Taken together these data suggest that FP-tagged APP and p38 are sorted to and transported in carriers that differ in their morphology, their velocity, and their displacement. This implies that these carriers have a different molecular composition and are transported by the action of different motor proteins.
Treatment of hippocampal neurons with antisense oligonucleotides against KHC and subsequent immunofluorescence suggested a role for kinesin in the fast axonal transport of APP (Ferreira et al., 1993 ; Yamazaki et al., 1995 ). To test the effect of kinesin on the transport of the APP-YFP tubules described here, we treated transfected neurons with KHC antisense or sense oligonucleotides. The transport of APP-YFP was then analyzed by video microscopy (Figure (Figure9,9, video). In transfected neurons treated with sense oligonucleotides, the previously observed pattern of movement was observed: tubules moving over long distances and almost never changing their direction during recording of 30–70 frames (Figure (Figure9,9, left, the track display of one structure is shown). In contrast, APP-YFP tubules showed a different type of movement when neurons were treated with antisense oligonucleotides: The shape of the tubules was unchanged, but their velocity was reduced. In addition, many of the observed moving structures changed their direction of movement several times (exemplified in Figure Figure9,9, right, where the tubule changed direction four times). Quantitation of 28 cells from four experiments showed that the velocity of APP-YFP tubules in antisense-treated neurons was on average reduced to 60% of the control velocity, and that 19 of 66 (29%) of the observed tubules changed their direction at least once, compared with 3% in control neurons. Interestingly, both anterograde and retrograde transport were affected, similar to observations in squid axons (Brady et al., 1990 ). These data demonstrate that the transport of APP-YFP tubules is microtubule and kinesin dependent.
In this study we show that a fluorescently tagged APP, APP-YFP, is transported in extended, very fast-moving tubules along axons of cultured hippocampal neurons. In contrast, another axonal protein, p38, is sorted to and transported in different structures when expressed as an FP-tagged fusion protein. The two transport carriers were shown to be different by video microscopy and object tracking. Major differences were 1) morphology; whereas APP-YFP was transported in fast-moving tubules of up to 10 μm length, p38-EGFP was transported in tubulovesicular carriers; 2) velocity; APP-YFP tubules moved on average 4.5 μm/s, more than fourfold faster than structures containing p38-EGFP; and 3) mutual exclusion; fast-moving APP-YFP tubules contained no p38-ECFP when coexpressed in the same neuron and analyzed by two-color video microscopy.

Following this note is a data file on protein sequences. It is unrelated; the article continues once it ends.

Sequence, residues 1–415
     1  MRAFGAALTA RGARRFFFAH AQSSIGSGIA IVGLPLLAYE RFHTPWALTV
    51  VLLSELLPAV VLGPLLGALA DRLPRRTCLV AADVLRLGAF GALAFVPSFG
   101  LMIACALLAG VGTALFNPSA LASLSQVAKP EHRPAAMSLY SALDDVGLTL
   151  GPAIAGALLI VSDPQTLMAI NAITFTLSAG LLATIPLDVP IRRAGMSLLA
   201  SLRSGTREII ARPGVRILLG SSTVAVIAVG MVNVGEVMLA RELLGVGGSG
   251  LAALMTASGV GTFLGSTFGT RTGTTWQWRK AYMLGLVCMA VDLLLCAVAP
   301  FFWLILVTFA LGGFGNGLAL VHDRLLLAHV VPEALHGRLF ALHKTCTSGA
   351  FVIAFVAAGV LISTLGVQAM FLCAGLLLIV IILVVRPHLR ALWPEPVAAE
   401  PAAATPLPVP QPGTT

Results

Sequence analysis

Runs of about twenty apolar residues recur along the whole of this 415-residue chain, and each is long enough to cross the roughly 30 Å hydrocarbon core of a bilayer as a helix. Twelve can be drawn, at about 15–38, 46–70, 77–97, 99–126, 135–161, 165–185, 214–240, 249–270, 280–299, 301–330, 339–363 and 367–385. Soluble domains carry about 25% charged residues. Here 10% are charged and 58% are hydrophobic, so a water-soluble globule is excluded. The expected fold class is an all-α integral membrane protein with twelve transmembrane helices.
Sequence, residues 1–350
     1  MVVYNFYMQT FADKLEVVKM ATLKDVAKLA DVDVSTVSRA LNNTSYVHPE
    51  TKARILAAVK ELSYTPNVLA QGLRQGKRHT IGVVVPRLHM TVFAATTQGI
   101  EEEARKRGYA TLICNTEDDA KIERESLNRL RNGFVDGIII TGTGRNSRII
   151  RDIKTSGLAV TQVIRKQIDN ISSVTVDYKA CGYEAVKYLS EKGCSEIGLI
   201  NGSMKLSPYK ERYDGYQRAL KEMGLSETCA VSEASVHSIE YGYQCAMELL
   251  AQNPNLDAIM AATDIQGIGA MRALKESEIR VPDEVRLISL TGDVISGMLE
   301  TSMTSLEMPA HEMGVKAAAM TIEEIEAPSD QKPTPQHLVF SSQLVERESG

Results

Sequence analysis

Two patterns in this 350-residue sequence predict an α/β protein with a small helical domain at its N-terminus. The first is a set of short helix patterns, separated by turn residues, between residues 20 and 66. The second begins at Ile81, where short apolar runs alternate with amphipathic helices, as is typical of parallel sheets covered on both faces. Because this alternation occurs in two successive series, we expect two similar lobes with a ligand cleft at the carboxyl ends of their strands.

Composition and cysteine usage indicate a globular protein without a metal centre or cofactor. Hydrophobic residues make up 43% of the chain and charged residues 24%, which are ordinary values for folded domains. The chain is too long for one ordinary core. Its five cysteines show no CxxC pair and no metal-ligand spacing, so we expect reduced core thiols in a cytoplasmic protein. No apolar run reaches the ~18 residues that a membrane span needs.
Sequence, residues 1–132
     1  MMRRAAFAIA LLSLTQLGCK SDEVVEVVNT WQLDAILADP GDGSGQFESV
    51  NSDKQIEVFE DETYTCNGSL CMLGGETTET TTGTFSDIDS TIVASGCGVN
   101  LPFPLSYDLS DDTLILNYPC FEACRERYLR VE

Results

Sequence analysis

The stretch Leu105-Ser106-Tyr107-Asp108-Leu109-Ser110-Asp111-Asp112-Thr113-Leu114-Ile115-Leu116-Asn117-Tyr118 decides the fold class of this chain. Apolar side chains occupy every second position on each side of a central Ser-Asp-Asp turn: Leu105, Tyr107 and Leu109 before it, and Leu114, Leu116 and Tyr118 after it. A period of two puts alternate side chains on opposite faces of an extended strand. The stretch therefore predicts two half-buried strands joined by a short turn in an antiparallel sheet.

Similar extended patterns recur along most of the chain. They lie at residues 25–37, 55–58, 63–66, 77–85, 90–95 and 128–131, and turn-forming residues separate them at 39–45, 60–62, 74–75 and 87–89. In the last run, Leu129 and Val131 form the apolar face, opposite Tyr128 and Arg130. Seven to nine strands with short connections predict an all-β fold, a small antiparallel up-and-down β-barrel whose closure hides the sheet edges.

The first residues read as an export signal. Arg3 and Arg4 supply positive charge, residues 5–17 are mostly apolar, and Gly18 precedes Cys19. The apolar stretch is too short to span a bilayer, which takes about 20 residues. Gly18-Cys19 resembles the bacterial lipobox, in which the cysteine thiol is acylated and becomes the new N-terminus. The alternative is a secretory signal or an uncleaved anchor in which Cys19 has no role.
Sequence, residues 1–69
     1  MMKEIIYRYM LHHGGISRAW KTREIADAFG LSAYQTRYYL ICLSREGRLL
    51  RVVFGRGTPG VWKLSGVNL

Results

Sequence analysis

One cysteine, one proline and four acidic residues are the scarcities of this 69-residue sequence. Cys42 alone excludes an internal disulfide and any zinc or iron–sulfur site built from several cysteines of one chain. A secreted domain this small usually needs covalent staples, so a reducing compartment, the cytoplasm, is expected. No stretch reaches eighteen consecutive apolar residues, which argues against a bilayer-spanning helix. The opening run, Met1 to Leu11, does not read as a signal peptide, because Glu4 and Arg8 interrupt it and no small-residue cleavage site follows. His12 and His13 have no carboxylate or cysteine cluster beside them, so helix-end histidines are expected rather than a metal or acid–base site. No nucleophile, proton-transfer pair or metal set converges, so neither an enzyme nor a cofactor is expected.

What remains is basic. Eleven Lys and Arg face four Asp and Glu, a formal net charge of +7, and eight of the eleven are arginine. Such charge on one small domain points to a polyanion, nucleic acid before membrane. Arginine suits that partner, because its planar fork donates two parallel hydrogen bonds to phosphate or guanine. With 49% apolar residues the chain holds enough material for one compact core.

The elongated, fast-moving tubules represent a previously undescribed type of transport carrier for membrane proteins. Shorter and slower moving tubulovesicular post-Golgi structures have been described in neurons (Nakata et al., 1998 ) and unpolarized cells (Hirschberg et al., 1998 ; Toomre et al., 1999 ). Axonal transport in different systems was reported to be between 1 and 3 μm/s on average, sometimes with maximal velocities of up to 5 μm/s (Allen et al., 1982 ; Kreis et al., 1989 ; Bloom et al., 1993 ; Lochner et al., 1998 ; Nakata et al., 1998 ; Zakharenko and Popov, 1998 ; Bridgman, 1999 ). The velocity measured for APP-YFP in our system is in the range of the fast component of fast axonal transport in mammals in vivo, which has been calculated to have a velocity of 410 mm/d (Ochs, 1972 ), corresponding to 4.7 μm/s.
The concept of separate transport carriers for subclasses of axonal membrane proteins has been proposed by Hirokawa et al. (1998) . We confirm this concept by comparing the transport characteristics of two axonal membrane proteins and the direct observation of their differential transport in a single hippocampal neuron. To our knowledge this is the first report in which this sorting and transport of two axonal proteins is visualized simultaneously. The observed difference in velocities between the two types of carriers in the same neuron is consistent with the idea that the transport is mediated by different motor proteins (Hirokawa, 1998 ).